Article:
When I lived in Michigan, each Christmas, a local church just down the road from me put on a drive-by nativity scene. Cars full of people would line up for over half a mile and drive around this circular loop surrounding the church, where church members dressed up and enacted various kinds of nativity scenes. I’m sure from the perspective of the church (who, clearly, invested a lot of time and resources, taking weeks to build the sets in the bitter cold in the time leading up to the event), it was a way to reach people who might otherwise not come through the church doors. This same church also offered “speedy sermons” and other “quick” ways of getting busy people in the door. The idea behind these different initiatives was reaching out to people who were otherwise too busy to come to church–a reasonable and rather creative thing to do, given the time crunch everyone seems to be in these days. But for all that was gained (new members, new donations, etc) what was lost in the process of converting religion into a drive-through experience? Of course, just like the burger at McDonald’s vs. the burger you grill at home with time and care, there are likely some big differences not only in taste but also in presentation, nutrition, and energy.
In my last three posts in “Slowing Down the Druid Way”, we explored the history of time and our relationship to our working hours, and how we might begin to honor our time more fully. This directly leads me to the topic of my final post on time and work: looking at the slow movements as a way of slowing down, making slowing down a conscious choice, and embracing leisure time.
The “Slow” Movements
The term “slow” has been increasingly used to describe many of the movements connected to sustainable living: you might have heard of slow food (as opposed to fast food or industrialized food) or slow money (in terms of investing, saving, and spending and in opposition to current derivatives/investment market). We now also have slow schools, slow books, and even (in my own field) discussion of slow writing! The slow movement has, in fact, been around since the 1980’s; it was started by Carlo Petrini, who protested the opening of the “fast” food joint, McDonalds, in Rome, Italy. Since then, the movement has spread and deepened, connecting now to all aspects of life: travel, food, parenting, education, working, gardening, and more. Of course, you won’t see any discussion of this movement in mainstream culture–mainstream culture, here in the US, is focused on the idea that more and faster is better, and that kind of thinking takes some time to overcome.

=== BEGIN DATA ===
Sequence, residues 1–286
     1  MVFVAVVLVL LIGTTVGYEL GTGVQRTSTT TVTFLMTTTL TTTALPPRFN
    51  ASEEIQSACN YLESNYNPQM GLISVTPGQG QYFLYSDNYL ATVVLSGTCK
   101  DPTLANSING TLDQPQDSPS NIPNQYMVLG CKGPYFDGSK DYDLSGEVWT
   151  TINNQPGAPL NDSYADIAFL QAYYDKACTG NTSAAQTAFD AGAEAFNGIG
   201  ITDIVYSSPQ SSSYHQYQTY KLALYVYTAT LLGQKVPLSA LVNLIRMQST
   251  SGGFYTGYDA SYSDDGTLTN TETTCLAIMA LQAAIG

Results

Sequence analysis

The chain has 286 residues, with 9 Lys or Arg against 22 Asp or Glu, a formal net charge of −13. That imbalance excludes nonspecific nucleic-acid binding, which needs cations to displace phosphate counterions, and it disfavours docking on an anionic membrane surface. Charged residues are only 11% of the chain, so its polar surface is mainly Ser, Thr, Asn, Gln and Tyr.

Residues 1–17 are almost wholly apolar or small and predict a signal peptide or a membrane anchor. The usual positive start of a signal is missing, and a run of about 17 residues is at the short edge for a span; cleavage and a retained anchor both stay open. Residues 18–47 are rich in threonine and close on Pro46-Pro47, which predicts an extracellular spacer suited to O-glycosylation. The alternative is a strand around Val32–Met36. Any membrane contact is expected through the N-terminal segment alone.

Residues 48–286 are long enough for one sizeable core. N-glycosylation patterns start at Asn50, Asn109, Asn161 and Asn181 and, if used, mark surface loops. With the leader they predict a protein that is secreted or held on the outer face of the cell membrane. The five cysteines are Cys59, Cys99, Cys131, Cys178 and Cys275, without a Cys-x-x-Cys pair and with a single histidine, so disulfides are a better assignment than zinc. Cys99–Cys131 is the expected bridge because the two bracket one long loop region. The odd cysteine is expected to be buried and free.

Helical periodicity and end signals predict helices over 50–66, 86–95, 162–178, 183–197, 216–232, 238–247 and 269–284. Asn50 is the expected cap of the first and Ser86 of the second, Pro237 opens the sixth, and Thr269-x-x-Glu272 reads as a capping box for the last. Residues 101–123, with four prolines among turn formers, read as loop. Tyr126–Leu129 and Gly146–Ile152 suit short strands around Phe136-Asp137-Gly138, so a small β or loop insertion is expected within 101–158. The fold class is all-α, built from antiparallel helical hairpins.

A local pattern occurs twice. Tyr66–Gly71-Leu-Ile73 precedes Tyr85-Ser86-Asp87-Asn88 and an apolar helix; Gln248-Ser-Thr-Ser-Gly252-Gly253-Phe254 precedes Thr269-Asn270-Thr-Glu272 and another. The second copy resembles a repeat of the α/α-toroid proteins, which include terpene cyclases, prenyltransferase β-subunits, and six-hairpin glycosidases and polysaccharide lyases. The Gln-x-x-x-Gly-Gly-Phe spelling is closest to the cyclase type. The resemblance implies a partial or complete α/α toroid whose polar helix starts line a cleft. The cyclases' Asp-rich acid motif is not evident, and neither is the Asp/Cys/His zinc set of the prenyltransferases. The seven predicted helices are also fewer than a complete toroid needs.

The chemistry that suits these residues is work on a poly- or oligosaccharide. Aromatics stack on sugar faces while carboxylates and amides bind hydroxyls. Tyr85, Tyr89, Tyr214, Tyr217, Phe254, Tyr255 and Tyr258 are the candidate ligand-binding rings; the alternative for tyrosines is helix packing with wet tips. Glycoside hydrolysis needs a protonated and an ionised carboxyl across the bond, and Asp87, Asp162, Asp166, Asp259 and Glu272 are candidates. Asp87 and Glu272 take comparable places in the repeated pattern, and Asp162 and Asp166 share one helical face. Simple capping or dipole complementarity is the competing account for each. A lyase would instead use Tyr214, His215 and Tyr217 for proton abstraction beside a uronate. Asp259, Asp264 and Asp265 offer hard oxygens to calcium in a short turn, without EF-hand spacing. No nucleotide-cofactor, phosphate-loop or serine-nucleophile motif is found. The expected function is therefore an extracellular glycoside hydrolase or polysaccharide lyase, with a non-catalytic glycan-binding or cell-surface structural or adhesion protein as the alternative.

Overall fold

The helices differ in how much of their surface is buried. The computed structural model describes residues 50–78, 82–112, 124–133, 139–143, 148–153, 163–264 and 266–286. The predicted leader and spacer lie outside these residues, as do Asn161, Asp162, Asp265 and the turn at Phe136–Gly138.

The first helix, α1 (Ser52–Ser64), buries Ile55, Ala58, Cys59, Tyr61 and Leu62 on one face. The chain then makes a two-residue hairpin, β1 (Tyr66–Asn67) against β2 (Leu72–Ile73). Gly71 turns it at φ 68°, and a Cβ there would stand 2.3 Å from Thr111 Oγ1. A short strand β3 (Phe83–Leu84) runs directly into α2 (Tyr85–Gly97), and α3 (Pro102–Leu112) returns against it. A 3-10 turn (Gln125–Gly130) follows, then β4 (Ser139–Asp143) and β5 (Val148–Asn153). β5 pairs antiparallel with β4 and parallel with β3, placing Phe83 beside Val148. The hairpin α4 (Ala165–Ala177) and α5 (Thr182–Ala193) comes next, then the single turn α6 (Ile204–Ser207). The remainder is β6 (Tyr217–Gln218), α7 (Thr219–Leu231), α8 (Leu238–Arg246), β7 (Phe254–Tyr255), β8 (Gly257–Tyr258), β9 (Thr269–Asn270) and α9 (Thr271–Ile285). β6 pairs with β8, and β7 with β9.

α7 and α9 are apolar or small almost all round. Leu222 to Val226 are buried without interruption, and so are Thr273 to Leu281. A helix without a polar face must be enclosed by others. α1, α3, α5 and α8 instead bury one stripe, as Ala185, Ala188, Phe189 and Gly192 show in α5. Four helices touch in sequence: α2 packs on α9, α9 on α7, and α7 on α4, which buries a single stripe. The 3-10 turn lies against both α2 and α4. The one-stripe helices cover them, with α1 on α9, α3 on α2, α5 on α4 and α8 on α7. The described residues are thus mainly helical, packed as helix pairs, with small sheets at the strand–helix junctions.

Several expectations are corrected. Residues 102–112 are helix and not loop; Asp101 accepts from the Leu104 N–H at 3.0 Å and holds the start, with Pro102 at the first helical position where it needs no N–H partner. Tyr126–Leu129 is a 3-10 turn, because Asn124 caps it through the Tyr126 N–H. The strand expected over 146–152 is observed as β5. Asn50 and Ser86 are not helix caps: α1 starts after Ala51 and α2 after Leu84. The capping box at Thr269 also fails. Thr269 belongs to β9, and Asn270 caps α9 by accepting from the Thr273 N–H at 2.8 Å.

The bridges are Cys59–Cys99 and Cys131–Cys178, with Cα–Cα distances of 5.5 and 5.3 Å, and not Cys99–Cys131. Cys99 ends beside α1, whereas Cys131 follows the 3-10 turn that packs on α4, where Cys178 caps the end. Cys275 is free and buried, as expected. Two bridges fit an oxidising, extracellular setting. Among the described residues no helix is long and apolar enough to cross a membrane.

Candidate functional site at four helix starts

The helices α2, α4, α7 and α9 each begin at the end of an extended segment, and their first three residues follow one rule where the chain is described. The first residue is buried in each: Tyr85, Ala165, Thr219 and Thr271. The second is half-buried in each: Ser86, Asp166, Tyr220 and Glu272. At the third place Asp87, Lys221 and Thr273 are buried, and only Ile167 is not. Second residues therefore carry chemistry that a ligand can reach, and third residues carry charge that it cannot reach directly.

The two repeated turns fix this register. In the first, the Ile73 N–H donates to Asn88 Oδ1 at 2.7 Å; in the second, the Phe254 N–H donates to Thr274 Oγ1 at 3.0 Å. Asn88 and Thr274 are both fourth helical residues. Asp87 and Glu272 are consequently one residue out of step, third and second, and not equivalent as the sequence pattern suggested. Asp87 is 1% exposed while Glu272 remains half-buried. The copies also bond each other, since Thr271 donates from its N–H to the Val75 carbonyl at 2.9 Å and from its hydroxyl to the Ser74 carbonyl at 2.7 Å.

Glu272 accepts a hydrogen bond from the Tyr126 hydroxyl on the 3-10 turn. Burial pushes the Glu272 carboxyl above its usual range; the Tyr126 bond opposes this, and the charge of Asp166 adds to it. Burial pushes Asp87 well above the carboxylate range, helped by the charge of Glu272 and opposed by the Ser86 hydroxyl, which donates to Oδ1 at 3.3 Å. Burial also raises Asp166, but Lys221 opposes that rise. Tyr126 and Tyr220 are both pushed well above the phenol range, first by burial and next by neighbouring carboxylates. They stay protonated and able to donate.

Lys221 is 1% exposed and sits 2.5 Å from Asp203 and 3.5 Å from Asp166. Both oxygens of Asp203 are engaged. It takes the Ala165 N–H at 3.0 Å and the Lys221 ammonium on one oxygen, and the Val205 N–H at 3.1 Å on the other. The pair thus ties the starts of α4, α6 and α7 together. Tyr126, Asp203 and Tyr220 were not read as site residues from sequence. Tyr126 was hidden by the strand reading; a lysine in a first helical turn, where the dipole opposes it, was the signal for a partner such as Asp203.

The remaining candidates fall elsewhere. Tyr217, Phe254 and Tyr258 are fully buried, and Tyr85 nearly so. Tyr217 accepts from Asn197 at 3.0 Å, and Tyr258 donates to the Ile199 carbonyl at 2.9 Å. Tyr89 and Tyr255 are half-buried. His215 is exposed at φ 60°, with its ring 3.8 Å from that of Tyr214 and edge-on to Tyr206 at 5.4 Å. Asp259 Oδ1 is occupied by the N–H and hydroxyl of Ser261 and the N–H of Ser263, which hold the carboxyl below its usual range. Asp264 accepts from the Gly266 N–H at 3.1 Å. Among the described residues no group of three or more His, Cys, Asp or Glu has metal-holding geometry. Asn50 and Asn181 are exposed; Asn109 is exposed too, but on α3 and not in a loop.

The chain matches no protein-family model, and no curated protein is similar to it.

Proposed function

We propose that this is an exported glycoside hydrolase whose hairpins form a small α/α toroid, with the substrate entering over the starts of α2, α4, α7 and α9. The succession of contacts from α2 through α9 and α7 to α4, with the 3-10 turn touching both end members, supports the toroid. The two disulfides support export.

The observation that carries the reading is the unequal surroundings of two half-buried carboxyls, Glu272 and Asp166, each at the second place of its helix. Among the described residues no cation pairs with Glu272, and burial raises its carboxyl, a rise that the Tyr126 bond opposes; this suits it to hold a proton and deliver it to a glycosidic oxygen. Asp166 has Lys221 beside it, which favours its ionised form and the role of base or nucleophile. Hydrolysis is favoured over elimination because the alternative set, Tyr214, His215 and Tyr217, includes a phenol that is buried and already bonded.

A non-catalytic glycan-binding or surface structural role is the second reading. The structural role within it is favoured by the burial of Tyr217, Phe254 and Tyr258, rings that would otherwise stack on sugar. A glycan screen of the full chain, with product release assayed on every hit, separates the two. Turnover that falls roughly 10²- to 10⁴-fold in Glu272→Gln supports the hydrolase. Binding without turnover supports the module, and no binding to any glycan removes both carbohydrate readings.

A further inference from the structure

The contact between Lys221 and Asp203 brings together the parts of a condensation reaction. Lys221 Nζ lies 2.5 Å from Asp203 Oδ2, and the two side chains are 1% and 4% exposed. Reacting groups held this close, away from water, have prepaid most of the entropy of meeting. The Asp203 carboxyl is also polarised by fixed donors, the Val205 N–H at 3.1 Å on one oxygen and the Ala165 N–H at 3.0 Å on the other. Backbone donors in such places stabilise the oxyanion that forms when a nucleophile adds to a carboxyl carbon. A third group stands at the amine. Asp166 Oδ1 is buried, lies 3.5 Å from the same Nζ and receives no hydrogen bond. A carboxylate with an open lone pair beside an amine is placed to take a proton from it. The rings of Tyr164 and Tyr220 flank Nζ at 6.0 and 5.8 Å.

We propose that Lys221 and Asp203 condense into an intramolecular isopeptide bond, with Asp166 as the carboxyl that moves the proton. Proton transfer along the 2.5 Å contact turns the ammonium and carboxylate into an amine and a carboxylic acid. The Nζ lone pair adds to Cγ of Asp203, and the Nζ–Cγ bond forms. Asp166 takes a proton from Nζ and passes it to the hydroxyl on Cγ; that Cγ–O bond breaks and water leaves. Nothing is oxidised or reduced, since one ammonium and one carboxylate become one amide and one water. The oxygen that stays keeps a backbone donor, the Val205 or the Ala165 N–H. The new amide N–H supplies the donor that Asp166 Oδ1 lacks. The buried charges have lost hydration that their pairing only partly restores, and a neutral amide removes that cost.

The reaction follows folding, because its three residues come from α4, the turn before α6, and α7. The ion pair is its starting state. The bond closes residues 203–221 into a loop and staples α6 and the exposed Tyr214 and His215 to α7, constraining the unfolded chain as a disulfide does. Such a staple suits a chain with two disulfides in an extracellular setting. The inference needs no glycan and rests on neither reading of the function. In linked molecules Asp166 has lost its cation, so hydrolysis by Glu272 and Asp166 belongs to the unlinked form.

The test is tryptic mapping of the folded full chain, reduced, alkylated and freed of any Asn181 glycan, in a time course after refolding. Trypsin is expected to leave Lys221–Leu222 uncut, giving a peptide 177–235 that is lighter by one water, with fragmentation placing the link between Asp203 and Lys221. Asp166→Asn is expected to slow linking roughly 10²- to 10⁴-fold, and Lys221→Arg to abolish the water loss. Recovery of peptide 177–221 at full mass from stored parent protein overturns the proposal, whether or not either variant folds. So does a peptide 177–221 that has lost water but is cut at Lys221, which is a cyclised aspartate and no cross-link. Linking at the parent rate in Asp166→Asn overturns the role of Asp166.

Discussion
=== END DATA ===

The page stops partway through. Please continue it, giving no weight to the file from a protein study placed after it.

The slow movements suggest that we are all the victims of “time poverty” and the slow movements are deliberate attempts by people to live at a reasonable pace (rather than a frantic one). But these movements are more than just about slowing down–they recognize inherently that the faster we move, the fewer connections we make: with ourselves, with each other, with our creative gifts, and with the world as a whole. So let’s now explore some of these slow movements and what they provide.
Nature Spirituality and Slow Spirituality
I’m going to start by introducing my own kind of “slow” movement: slow spirituality. Cultivating a deeper relationship with time is certainly a principle that seems inherent in the druid traditions and in related nature-spiritual traditions. Anyone following the wheel of the year is certainly concerned a tremendous amount with time: the eight holidays on the wheel of the year are all about timing and the sun and it’s slow movement across the sky. The phases of the moon reflect this on a monthly cycle. We focus on the interplay of light and dark, the slow changing of the seasons, the minute changes from day to day of weather patterns. All of this takes observation and interaction with nature and a lot of time dedicated to understanding this larger cycle of the seasons. Sure, there are ways of going about these practices that are “fast”, but moving fast means you miss most of the important pieces. In the AODA, for example, we ask that all members spend weekly time in nature, daily time in meditation, and time just observing and interacting with the world. This time is critical–and it is through these activities that deepest understandings are often cultivated.
In fact, I think part of the reason that so many people are drawn to meditation, ritual and other druid practices is that it offers a way to slow down and change pace. The more time you spend with these practices, the deeper they will go and the richer the rewards will be. There is much room for exploration in linking the slow movements to the druid tradition and key practices within it. […]
Rest of the story at its Source: Slowing Down the Druid Way, Part IV: Slow Movements and Slow Spirituality | The Druid’s Garden